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The Immune System: Friend or Foe?

This event will be live streamed
Past event - 2020
09 Sep 9pm to 10pm
UK time
Live, YouTube,
Online Your Home
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Standard Free
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Science going
It's live Show 9 and we tonight we are with our team in Cambridge who are showing different aspects of the immune system which usually protects us from infection through various lines of defence.

Register to get a link to view the show, even after the live stream has finished.

Stopping viruses in their tracks

Dr Harriet Groom (Visiting research fellow, Department of Medicine, University of Cambridge)
With viruses in the news every day as I write this, I don't need to convince you that we need to be able to combat them. To stop viruses, we need to understand them. I will use HIV, the virus that causes AIDS, and SARS-CoV-2, the cause of our current COVID-19 pandemic, to get you to think about how we can prevent viruses from causing disease/death. I’ll use two examples of how our bodies have evolved to limit this relatively young virus and talk about how studying these features of our cells can lead to exciting new discoveries and potential for personalised medicine. See you there!

Browsing the diagnostics menu for gluten: a better test for coeliac disease?

Dr Elizabeth Soilleux (Senior Lecturer in Pathology, University of Cambridge)
The two current ways to diagnose coeliac disease are relatively ineffective and require patients to eat gluten. “Gold standard” duodenal biopsies require endoscopy, are expensive and subjective. Blood tests fare better, but still lack sensitivity.
A white blood cell, the T-lymphocyte, causes coeliac disease. Uniquely each developing lymphocyte alters part of its DNA determining what the cell binds and responds to. We reasoned that looking at T-lymphocyte DNA sequences by carefully designed mathematical means might provide a new and better way to diagnose coeliac disease. This was a success!

Growing old on the inside: novel links between gut bacteria and ageing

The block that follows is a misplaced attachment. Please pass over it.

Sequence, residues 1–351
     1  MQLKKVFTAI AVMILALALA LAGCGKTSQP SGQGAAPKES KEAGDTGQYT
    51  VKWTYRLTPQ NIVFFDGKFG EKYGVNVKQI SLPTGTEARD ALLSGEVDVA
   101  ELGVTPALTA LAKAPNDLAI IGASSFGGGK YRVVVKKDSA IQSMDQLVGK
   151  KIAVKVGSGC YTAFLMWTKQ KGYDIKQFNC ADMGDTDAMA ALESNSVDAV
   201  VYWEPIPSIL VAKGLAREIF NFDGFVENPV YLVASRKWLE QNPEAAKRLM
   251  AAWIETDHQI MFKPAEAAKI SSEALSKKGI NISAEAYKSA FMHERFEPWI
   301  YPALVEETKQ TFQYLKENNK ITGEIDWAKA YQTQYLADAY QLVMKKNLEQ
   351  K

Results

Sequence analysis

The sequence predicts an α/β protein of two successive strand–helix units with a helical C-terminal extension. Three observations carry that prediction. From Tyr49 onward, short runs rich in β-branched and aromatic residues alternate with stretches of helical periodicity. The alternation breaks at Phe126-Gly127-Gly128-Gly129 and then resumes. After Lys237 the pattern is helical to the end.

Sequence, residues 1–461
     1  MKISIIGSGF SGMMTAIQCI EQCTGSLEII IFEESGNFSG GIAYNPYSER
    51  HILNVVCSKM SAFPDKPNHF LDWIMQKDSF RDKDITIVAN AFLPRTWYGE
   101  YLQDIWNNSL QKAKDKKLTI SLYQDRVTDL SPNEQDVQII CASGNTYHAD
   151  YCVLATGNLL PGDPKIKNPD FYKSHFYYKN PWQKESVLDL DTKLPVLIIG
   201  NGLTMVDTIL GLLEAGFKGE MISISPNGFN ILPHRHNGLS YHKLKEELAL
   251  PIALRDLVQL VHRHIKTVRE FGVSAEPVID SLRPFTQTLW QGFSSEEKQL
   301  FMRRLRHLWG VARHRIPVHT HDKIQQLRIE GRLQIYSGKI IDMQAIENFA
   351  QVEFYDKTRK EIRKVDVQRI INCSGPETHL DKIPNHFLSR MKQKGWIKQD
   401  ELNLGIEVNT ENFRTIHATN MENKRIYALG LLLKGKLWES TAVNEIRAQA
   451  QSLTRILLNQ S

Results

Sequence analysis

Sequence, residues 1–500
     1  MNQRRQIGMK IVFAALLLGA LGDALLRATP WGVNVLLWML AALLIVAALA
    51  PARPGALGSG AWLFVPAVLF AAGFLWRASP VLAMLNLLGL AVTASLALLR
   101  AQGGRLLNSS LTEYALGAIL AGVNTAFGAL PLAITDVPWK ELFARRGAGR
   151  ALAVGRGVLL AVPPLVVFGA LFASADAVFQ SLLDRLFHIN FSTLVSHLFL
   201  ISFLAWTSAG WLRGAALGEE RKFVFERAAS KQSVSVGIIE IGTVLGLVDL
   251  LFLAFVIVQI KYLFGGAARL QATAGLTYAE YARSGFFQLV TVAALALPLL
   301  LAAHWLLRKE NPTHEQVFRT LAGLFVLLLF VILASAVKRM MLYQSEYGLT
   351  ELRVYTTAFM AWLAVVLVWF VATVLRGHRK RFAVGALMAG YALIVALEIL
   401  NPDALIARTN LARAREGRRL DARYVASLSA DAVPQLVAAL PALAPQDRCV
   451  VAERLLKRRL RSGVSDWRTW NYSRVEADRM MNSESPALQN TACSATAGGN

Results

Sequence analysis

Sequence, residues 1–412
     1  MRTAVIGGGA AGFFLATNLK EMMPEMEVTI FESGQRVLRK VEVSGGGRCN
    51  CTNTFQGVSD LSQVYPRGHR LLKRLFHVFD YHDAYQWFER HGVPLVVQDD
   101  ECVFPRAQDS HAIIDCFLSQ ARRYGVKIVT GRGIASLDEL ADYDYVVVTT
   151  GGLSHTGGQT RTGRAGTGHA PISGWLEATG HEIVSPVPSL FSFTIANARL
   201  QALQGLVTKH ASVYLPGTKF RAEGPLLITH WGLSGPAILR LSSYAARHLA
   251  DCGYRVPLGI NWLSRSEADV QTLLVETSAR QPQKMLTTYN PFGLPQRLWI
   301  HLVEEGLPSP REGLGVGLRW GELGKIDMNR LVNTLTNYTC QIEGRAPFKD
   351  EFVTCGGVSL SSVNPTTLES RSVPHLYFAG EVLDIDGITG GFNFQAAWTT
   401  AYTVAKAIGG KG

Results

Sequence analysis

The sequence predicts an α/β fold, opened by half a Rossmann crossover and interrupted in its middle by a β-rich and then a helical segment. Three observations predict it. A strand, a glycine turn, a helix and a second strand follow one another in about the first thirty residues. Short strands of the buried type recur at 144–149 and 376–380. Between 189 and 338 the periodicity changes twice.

Dr Marisa Stebegg (Kymab & Visiting Scientist at the Babraham Institute)
Our gut harbours hundreds of different types of bacteria, fungi and viruses - all collectively referred to as our gut microbiota or gut flora. These organisms living within us are essential for our health, impacting metabolism and brain functions as well as our immune system. New data also revealed striking links between ageing and age-associated changes in the gut flora. This talk will explore how the composition of the gut microbiota changes with age, how this affects our immune system and how poo transplantation can potentially help to rejuvenate the gut, at least in mice.

Home invasion: a tale of human pregnancy

Anna Arutyunyan (PhD student, University of Cambridge and Wellcome Sanger Institute)
Can genetically different individuals coexist in one body? Yes, and they do in pregnancy! Successful pregnancy requires the baby to be sly and elegant when invading into the mother not to be rejected by maternal immune police, and the maternal side needs to carefully regulate such invasion and provide enough nutrition for the baby. It is therefore a very finely tuned and fragile balance at the interface that we are only now starting to understand...

Creative Reactions

Creative Reactions was formed when a group of scientists and artists got together and thought it would be amazing if creatives could meet with the scientists from the Pint of Science festival. We are proud to present the sixth Cambridge Creative Reactions science-art exhibition, and the very first online display. Local creatives have responded to the speakers from this live show and their work can be seen in the virtual exhibition.

Despite dramatic changes to the landscape of how we collaborate and interact, a dedicated collection of artists from Cambridge have explored novel ways of collaboration to produce artworks in response to current science on the immune system.

This exhibition would not be possible without the work of equally dedicated volunteers, including Colleen Rollins, Tejasvini Chalikonda, Miriam Lisci, Martha Irene, and Karen Jinks.

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